The Mets' top two prospects -- 1B Peter Alonso and SS Andres Gimenez -- are repping the team in the Arizona Fall League, the October-November league run by MLB featuring many of the top prospects in the game.
Alonso is expected to be promoted to the Mets at some point after next May, after which calls by fans for Gimenez will begin to grow in volume.
According to MLB.com, Gimenez is considered the Mets top' prospect, followed by Alonso, with both checking in on the site's Top 100 at No. 55 and No. 58 respectively.
In eight at-bats during this year's Arizona Fall League, which began earlier this month, Gimenez has one hit (a home run), while drawing two walks and striking out twice. Meanwhile, Alonso is continuing to crush the ball, as he's gone 10-for-23 with a .500 OBP and 1.283 OPS, two doubles, two homers and six RBI, further demonstrating that he's ready to hit for the Mets as soon as next season.
Gimenez, who is still just 20 years old, has repeatedly been one of the youngest players in his league, be it during his debut or when promoted to Single-A and Double-A. In the month before he signed with the Mets during July, 2015, MLB.com ranked Gimenez the 19th-best international prospect on the open market. The Mets eventually inked him to a $1.2 million deal, after which he led the Dominican Summer League in on-base percentage and finished second in batting average and third in OPS.
In the years following, during his young professional career, Gimenez has developed a reputation for being an aggressive, old-school type player, be it in the field, on the bases or in the batter's box.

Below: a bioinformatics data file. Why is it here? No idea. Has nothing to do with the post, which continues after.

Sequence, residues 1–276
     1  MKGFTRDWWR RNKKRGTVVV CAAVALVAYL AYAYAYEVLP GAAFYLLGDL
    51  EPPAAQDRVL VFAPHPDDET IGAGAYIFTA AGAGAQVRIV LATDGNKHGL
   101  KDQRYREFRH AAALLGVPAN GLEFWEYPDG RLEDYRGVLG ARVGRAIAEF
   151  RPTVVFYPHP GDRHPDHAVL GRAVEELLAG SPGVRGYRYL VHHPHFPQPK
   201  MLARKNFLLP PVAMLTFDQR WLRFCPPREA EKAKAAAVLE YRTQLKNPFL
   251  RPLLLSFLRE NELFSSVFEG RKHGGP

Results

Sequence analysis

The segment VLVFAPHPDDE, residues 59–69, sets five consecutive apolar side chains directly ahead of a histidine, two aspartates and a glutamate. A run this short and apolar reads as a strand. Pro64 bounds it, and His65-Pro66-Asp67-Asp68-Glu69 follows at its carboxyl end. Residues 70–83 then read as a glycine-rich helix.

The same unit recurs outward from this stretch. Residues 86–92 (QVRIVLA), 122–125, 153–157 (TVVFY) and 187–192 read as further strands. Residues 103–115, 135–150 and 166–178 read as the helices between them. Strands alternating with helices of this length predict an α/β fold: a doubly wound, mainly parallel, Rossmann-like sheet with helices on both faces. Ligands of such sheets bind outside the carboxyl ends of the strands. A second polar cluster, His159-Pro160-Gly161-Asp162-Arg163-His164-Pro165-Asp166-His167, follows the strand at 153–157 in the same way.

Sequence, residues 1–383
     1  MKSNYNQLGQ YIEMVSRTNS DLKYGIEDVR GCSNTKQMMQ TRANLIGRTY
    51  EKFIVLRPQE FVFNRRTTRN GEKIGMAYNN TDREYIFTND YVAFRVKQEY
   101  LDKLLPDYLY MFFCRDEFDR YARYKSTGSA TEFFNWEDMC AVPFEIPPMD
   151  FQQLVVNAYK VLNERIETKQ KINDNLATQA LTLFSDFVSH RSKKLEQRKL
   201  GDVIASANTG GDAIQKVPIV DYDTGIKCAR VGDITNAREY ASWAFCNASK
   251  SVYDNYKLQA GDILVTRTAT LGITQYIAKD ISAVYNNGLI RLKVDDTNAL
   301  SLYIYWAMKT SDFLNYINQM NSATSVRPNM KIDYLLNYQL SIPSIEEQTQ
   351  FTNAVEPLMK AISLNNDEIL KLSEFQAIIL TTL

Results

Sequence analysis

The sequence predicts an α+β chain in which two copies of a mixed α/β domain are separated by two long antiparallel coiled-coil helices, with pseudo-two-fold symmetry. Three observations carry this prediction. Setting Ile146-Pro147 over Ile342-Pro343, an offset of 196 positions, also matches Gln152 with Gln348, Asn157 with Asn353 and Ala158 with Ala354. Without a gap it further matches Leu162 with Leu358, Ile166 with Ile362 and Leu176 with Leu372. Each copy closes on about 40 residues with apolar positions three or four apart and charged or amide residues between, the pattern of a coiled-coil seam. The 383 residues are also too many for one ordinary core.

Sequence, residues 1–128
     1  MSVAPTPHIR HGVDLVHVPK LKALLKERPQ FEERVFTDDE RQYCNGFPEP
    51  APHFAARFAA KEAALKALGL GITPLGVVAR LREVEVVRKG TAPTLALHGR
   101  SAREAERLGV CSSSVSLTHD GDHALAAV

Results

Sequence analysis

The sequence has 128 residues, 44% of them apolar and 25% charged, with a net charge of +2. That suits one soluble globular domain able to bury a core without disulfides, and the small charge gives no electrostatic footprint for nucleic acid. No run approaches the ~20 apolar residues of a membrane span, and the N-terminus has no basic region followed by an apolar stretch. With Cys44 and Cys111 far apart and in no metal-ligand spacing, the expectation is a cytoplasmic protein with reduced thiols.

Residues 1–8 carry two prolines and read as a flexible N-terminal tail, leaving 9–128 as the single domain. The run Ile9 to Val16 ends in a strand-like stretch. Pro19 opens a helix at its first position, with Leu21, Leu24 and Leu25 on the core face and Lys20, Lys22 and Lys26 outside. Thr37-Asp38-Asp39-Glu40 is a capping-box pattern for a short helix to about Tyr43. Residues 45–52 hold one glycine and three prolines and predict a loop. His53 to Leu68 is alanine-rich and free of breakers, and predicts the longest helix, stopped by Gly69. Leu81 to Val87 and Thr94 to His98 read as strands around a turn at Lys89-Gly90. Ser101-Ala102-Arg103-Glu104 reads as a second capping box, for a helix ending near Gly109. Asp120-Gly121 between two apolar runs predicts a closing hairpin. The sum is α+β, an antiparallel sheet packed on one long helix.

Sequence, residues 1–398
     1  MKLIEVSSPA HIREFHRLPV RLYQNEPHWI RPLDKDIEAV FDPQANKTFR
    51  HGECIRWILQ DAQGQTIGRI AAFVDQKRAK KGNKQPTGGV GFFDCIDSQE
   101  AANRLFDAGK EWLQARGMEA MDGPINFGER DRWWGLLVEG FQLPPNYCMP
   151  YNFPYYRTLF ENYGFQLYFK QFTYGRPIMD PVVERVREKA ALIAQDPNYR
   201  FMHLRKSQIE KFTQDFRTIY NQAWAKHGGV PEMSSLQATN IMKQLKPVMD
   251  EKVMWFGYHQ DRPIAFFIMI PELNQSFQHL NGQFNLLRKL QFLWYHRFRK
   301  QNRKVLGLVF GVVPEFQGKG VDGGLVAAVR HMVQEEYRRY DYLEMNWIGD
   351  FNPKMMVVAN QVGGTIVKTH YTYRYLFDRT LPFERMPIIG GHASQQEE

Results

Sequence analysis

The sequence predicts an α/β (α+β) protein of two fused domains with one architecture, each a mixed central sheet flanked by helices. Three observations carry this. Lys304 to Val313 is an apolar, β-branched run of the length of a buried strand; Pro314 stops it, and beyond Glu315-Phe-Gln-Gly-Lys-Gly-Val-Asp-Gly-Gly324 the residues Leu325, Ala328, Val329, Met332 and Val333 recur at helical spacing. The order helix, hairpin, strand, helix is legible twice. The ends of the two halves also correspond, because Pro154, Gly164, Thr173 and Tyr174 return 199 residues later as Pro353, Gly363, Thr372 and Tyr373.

"He's young, but advanced, sort of a throwback to the classic middle infielder," a scout currently watching Gimenez recently told me. "He has a strong approach for Double-A, but he's going to have too be more aggressive in Triple-A and the big leagues or guys are going to carve him up. I wouldn't worry about him, though. He has repeatedly shown instincts and skills to overcome whatever is thrown at him."
The second scout I talked with predicted Gimenez may struggle with batting average, but he'll have no trouble quickly banging out 20 doubles and 20 stolen bases in his first season or two with the Mets.
Gimenez will likely continue to play primarily shortstop in 2019, the same position occupied on the Mets this past season by Amed Rosario, who in 2017 was considered the game's top prospect by MLB.com.
The New York Post reported in July that the Mets had been considering whether to get Rosario work in center field. He played all of his games at shortstop this past season and played seven games at third base during his five-year minor league career, while playing 429 games at shortstop. Similarly, while Gimenez played three games at second base this past season, he has played 119 games at shortstop since joining the organization.
The point is, someone is going to have to move, be it to a new position or a new team in trade. That said, a second scout I talked with said he would advise the Mets to keep Gimenez where he's at, while shifting the less-swift Rosario to third base...
"I don't see the kid as a second baseman, he's way too natural at short and he reads the ball off the bat about as well as anyone I've seen here," the scout added. "He's not the biggest, quickest, most powerful kid either, but he's sound and sure-handed. He's exactly what a pitching-rich team like the Mets need up the middle."